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Significantly Elevated FMR1 mRNA and Mosaicism for Methylated Premutation and Full Mutation Alleles in Two Brothers with Autism Features Referred for Fragile X Testing

1
Genetics of Learning Disability Service, Hunter Genetics, Waratah, NSW 2298, Australia
2
Grow-up Well Priority Research Centre, University of Newcastle, Newcastle, NSW 2308, Australia
3
Diagnosis and Development, Murdoch Children’s Research Institute, Royal Children’s Hospital, Parkville, VIC 3052, Australia
4
Department of Paediatrics, Faculty of Medicine, Dentistry and Health Sciences, University of Melbourne, Parkville, VIC 3052, Australia
5
School of Psychology and Public Health, La Trobe University, Bundoora, VIC 3086, Australia
6
Victorian Clinical Genetics Services, Murdoch Children’s Research Institute, Royal Children’s Hospital, Parkville, VIC 3052, Australia
7
Psychology Service, The Royal Children’s Hospital, Parkville, VIC 3052, Australia
8
Melbourne School of Psychological Sciences, University of Melbourne, Parkville, VIC 3052, Australia
*
Author to whom correspondence should be addressed.
These authors contributed equally to the work.
Int. J. Mol. Sci. 2019, 20(16), 3907; https://doi.org/10.3390/ijms20163907
Received: 2 July 2019 / Revised: 4 August 2019 / Accepted: 7 August 2019 / Published: 11 August 2019
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Abstract

Although fragile X syndrome (FXS) is caused by a hypermethylated full mutation (FM) expansion with ≥200 cytosine-guanine-guanine (CGG) repeats, and a decrease in FMR1 mRNA and its protein (FMRP), incomplete silencing has been associated with more severe autism features in FXS males. This study reports on brothers (B1 and B2), aged 5 and 2 years, with autistic features and language delay, but a higher non-verbal IQ in comparison to typical FXS. CGG sizing using AmplideX PCR only identified premutation (PM: 55–199 CGGs) alleles in blood. Similarly, follow-up in B1 only revealed PM alleles in saliva and skin fibroblasts; whereas, an FM expansion was detected in both saliva and buccal DNA of B2. While Southern blot analysis of blood detected an unmethylated FM, methylation analysis with a more sensitive methodology showed that B1 had partially methylated PM alleles in blood and fibroblasts, which were completely unmethylated in buccal and saliva cells. In contrast, B2 was partially methylated in all tested tissues. Moreover, both brothers had FMR1 mRNA ~5 fold higher values than those of controls, FXS and PM cohorts. In conclusion, the presence of unmethylated FM and/or PM in both brothers may lead to an overexpression of toxic expanded mRNA in some cells, which may contribute to neurodevelopmental problems, including elevated autism features. View Full-Text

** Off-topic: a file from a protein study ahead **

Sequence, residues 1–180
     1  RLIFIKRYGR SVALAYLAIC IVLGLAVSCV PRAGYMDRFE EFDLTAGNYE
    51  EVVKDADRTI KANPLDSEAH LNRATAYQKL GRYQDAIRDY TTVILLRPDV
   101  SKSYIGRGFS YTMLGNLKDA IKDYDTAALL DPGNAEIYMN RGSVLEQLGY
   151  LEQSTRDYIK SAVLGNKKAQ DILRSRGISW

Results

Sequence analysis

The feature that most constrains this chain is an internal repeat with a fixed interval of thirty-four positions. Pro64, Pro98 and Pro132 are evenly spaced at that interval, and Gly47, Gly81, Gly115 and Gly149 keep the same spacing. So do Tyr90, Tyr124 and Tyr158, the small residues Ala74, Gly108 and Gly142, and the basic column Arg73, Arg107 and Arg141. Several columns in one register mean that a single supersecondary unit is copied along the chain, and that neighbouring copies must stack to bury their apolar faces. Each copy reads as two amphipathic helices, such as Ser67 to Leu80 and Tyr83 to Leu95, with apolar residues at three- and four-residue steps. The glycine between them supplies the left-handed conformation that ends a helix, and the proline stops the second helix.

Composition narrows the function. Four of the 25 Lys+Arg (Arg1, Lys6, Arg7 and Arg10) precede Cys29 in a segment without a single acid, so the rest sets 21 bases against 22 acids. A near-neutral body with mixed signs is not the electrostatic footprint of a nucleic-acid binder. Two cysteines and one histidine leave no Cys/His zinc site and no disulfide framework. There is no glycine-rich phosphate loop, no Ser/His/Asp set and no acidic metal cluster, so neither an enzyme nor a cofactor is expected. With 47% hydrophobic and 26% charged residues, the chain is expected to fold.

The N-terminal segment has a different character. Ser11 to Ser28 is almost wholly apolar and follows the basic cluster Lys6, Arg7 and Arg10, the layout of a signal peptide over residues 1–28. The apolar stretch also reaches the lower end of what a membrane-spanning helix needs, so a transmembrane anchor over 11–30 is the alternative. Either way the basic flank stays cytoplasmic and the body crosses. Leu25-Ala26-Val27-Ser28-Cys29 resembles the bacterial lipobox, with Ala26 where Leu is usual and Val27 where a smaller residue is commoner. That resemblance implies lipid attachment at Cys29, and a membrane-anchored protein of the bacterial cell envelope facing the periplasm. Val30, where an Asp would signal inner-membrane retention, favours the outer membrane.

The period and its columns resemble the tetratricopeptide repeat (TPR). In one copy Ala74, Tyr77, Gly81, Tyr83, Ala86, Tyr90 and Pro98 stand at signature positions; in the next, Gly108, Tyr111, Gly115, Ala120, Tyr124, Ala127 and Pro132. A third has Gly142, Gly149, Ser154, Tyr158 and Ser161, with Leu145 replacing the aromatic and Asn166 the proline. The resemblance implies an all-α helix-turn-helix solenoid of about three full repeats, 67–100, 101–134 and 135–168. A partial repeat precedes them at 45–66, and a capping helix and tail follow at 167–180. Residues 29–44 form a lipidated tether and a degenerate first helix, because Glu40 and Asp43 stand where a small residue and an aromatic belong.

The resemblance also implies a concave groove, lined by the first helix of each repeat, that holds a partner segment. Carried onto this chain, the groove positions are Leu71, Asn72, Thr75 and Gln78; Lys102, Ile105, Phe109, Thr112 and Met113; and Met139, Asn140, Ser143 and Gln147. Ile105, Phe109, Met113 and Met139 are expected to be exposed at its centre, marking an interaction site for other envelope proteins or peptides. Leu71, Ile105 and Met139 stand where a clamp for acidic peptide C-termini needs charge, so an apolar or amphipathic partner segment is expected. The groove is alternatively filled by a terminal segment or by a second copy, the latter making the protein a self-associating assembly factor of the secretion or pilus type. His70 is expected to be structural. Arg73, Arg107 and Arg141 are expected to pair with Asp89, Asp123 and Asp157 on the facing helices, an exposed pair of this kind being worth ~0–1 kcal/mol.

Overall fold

Keywords: fragile X syndrome; autism; RNA toxicity; DNA methylation; mosaicism; pediatrics; MS-QMA; AmplideX fragile X syndrome; autism; RNA toxicity; DNA methylation; mosaicism; pediatrics; MS-QMA; AmplideX
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Field, M.; Dudding-Byth, T.; Arpone, M.; Baker, E.K.; Aliaga, S.M.; Rogers, C.; Hickerton, C.; Francis, D.; Phelan, D.G.; Palmer, E.E.; Amor, D.J.; Slater, H.; Bretherton, L.; Ling, L.; Godler, D.E. Significantly Elevated FMR1 mRNA and Mosaicism for Methylated Premutation and Full Mutation Alleles in Two Brothers with Autism Features Referred for Fragile X Testing. Int. J. Mol. Sci. 2019, 20, 3907.

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